A couple of years ago, I published a post on 5 API Regulatory Challenges to Avoid, and it was interesting to look over the list and contemplate what updates I’d suggest.
While all of the original points remain challenges during API drug development, an updated list in 2016 would include the rise of data analytics and the adoption of Quality by Design (QbD). Others, such as weak impurity profiles, proper route selection and weak impurity characterization remain front-and-center challenges for many pharma companies today.
- QbD: All Aboard.
QbD isn’t going away – quite the contrary, it’s just starting to make its presence felt. Since Merck’sJanuvia became the first product approved based on a QbD application in 2006, Quality by Design (QbD) has been setting itself deep into the pharma development and manufacturing industry – and to largely positive effect. (Our experience at Neuland with QbD has been positive, as well).At its core, QbD aims to maximize product safety & efficacy while improving the underlying manufacturing process. Quality by Design is proving itself to be an effective framework, and pharma sponsors are increasingly looking for contract research & manufacturing firms who are QbD-capable.
- Data – it ALL Matters.
We are deep into the era of Big Data analytics. The amount of data we have available to us is enormous, and growing – sometimes uncontrollably.But data is your friend, and it holds the answers to critical regulatory decisions that companies face. Data analytics can help deliver accurate, rapid decisions during discovery, development, manufacturing, clinical stages and ultimately commercial post-market.Given that data management & analytics are increasingly essential to the pharma industry, they must be given strong consideration across the entire spectrum of the drug lifecycle.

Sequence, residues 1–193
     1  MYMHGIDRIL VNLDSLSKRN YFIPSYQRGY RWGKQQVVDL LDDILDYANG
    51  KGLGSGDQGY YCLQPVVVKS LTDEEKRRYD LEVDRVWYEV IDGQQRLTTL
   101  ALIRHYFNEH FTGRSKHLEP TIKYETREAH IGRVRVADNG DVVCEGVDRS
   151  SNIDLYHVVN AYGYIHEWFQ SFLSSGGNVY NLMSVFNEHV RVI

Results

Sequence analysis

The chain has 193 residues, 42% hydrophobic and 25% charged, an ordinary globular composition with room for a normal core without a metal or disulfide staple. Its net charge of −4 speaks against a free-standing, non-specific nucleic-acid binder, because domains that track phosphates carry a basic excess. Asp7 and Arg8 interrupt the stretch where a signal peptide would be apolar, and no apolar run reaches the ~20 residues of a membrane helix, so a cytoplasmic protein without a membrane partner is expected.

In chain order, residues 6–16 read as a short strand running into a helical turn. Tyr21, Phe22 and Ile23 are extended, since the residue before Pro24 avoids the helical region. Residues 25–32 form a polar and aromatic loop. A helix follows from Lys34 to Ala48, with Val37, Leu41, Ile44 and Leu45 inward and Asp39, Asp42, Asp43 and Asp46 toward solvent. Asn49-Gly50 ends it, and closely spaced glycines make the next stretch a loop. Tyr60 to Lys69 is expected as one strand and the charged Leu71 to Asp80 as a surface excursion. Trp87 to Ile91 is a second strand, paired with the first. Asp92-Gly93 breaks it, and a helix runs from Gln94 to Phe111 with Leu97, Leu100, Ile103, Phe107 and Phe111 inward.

These last four challenges from my previous list still apply:
- Route Selection
Choosing the right synthesis route still remains a top priority, given the cost of “getting it wrong” (or – and perhaps more likely – developing a longer, less cost-effective route with potential challenges).Chemical synthesis route scouting is intended to stave off production problems – genotoxic or other impurities, overuse of chemicals and reagents (and the accompanying EHS issues that may arise), manufacturing times & capacities…route scouting impacts a number of critical points in the manufacturing chain, and can have an outsized impact on them.Read more about Route Selection in: The Benefits of Synthesis Scouting.
- Incomplete Stability Data
New APIs mean a lack of stability data, and that doesn’t bode well for regulatory success…or established expiration dates. Make sure you’ve considered this, and your supplier/partner can handle any studies that need to occur.If outsourcing stability testing to a third party, it’s important to ensure the smooth transfer of data and knowledge from your supplier to the testing provider. Make sure stability studies are performed in accordance with ICH guidelines and other protocols.
- Weak Impurity Characterization
Analytical and other testing methods must be fully developed and validated. Remember: identifying, characterizing and synthesizing your API is crucial…but so is identifying, characterizing and synthesizing the impurities that typically surround it. Bottom line: the impurity profile matters to your API’s regulatory success.
- Problems with Genotoxic Impurities
Genotoxic impurities continue to be a major source of regulatory headaches. They are often cited as one of the reasons clients approach Neuland for alternate route scouting & selection services. But GIs are more than just a manufacturing challenge: analytical methods need to be highly-sensitive to detect them. And while many genotoxic impurities can be avoided, often your manufacturing partner will need to focus on controlling them – whether by adjusting environmental controls, altering purge strategies, using preservatives or another means.
These are some of the top API regulatory challenges we see in the industry today – from the rise of QbD & data analytics to continued challenges characterizing the stability & impurities of new chemical entities.
What would you add to this list?